Are cover letters a thing of the past?

In the job hunt, some things

have quietly started going away, like resumes on expensive paper or a

“references available upon request” line. But what about the good old cover

letter? Is that still a thing?

Yes…but (and there’s always a but) it’s not the important application factor that it used to be. The cover letter used to be the way to introduce yourself to the hiring manager, before diving right into the resume. But since the job application process has automized for most fields, the choice of whether or not to include a cover letter, and what type to include, are often up to you.

If I don’t include a cover letter, will that hurt me?

Most job applications these days are handled online, through an application-processing engine that essentially acts as a robot gatekeeper. And let’s face it, a cover letter is a very human thing. It’s a way to connect to the person reading it and show some personality and context alongside straight-up stats (your resume). So if you’re not connecting with a person and your cover letter is simply going into a database where it may or may not be read, it can feel like a wasted effort. And in fact, many companies don’t even ask for them at all or make them an optional upload when you submit your resume or a set application template.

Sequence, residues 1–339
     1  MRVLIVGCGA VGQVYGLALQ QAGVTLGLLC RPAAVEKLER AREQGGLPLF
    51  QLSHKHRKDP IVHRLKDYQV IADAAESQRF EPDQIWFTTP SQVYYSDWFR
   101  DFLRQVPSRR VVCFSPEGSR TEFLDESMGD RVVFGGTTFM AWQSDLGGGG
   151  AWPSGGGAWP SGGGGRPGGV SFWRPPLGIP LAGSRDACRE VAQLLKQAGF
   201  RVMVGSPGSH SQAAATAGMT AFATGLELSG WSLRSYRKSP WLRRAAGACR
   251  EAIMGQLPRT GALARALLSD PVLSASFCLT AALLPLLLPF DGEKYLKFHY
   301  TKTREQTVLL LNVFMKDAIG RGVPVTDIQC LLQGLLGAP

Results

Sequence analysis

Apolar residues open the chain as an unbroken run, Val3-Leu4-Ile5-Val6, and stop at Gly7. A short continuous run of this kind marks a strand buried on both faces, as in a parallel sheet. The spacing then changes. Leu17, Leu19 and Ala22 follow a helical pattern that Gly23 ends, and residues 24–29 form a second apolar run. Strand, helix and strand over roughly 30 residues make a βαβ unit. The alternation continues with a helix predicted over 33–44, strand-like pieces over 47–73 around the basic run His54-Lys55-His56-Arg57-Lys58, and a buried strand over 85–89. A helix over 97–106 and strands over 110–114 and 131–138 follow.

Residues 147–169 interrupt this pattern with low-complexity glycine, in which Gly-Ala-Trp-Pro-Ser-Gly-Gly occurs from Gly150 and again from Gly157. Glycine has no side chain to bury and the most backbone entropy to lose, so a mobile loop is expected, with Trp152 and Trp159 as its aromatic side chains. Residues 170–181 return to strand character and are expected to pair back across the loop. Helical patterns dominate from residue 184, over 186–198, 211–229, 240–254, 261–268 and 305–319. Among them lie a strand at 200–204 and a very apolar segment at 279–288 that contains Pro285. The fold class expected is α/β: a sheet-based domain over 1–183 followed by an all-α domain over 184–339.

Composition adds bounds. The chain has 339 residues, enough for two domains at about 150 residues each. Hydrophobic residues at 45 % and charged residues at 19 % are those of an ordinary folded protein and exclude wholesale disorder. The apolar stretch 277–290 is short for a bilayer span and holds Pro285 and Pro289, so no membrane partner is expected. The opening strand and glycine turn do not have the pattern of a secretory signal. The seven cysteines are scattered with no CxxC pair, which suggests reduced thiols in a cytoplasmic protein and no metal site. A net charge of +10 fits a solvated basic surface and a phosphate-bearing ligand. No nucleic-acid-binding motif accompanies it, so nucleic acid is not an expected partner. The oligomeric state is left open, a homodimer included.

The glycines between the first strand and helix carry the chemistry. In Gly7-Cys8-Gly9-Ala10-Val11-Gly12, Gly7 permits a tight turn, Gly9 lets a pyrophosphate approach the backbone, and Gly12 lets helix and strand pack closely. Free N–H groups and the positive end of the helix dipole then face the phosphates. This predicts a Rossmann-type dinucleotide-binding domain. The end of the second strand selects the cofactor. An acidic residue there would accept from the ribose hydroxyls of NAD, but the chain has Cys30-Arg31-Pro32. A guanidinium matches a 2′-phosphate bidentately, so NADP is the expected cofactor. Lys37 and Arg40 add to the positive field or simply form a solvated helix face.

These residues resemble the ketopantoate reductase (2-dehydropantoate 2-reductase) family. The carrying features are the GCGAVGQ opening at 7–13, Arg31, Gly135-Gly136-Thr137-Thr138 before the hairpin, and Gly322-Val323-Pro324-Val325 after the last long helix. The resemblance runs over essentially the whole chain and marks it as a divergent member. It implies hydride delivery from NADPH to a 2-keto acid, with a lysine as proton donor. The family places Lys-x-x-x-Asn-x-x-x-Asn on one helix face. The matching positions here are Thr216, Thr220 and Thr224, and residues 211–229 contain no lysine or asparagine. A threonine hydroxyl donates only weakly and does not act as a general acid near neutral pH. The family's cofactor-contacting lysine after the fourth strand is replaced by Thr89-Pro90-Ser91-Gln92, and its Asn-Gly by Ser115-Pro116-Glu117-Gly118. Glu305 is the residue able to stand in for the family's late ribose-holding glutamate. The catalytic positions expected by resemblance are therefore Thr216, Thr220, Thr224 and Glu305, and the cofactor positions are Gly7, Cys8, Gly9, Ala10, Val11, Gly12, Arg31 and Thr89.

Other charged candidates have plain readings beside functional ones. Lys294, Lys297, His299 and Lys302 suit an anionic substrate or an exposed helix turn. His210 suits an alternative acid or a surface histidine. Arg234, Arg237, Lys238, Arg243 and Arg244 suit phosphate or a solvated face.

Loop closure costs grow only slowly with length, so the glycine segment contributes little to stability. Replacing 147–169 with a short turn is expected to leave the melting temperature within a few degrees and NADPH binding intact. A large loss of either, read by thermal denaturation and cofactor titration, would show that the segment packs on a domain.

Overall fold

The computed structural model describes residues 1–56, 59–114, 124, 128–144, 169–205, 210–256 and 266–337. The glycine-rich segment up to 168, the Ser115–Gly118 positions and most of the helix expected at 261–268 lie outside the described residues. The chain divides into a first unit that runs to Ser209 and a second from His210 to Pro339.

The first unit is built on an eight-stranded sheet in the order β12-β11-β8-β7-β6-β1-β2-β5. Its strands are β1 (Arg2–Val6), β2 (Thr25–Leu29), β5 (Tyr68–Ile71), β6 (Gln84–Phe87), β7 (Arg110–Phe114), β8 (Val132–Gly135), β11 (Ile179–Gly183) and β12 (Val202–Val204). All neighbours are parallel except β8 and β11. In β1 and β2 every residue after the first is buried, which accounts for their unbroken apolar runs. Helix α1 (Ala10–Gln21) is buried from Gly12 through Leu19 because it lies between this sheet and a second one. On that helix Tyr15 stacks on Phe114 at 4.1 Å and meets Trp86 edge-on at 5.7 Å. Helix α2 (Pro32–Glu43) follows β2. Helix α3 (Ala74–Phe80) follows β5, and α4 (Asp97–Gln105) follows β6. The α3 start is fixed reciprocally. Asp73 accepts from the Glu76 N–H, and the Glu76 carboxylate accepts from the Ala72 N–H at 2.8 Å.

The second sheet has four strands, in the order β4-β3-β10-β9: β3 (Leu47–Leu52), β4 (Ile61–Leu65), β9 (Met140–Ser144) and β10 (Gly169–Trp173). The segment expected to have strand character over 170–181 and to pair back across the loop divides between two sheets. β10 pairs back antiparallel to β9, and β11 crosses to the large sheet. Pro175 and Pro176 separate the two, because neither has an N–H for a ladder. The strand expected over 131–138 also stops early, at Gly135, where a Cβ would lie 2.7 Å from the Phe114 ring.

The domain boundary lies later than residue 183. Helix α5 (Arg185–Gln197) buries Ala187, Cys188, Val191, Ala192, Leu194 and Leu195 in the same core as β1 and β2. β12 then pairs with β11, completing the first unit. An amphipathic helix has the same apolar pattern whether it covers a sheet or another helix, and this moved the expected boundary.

If you opt out of sending a

cover letter when it’s not required, you probably aren’t doing much damage to

your chances. Your resume will just need to speak for itself. However, before

you decide to skip the step, read carefully to make sure that it truly is optional.

As for the personal angle of

a cover letter, remember that it’s a holdover from a time where hiring managers

needed more context about you to help with hiring decisions. Now, thanks to the

wonders of the internet, that same hiring manager can often find out baseline

information about you from an online search, plus details about your work

experience from your resume.

I do want to write a cover letter. How should I optimize it?

The first part is thinking seriously

about your cover letter as part of your application package. Ideally, you’re

customizing your resume for the job for which you’re applying. That means the

cover letter has to be customized too. There’s little point to writing a cover

letter that boils down to, “I’m applying for this job, here are my contact

details, thx!” Think about who’s going to be reading it. Are you emailing your

resume to someone? Your cover note should reflect that.

Most of your energy should be spent on your resume, but if you’re going to do the cover letter, after all, make sure it’s saying what you want to call out from your resume. The cover letter is still the chance to set your narrative, so include the highlights (your best skills, experience, or qualifications) to frame expectations for the resume. Everything you say in the cover letter should be backed up by cold, hard bullet points in the resume itself.

Don’t forget that applicant tracking systems are not only tracking your resume, they’re also scanning everything you submit. That means taking advantage of the keyword searches in your cover letter as well as your resume. Read the job description carefully. You don’t want to copy and paste it, but do sprinkle keywords and phrases throughout your cover letter (only if they’re relevant to your skills or experience, of course).

Cover letters may seem outdated, but like any other tool at your disposal in the job search, they can be very effective if you put the time and effort into making yours a focused and well-constructed supplement to your resume.

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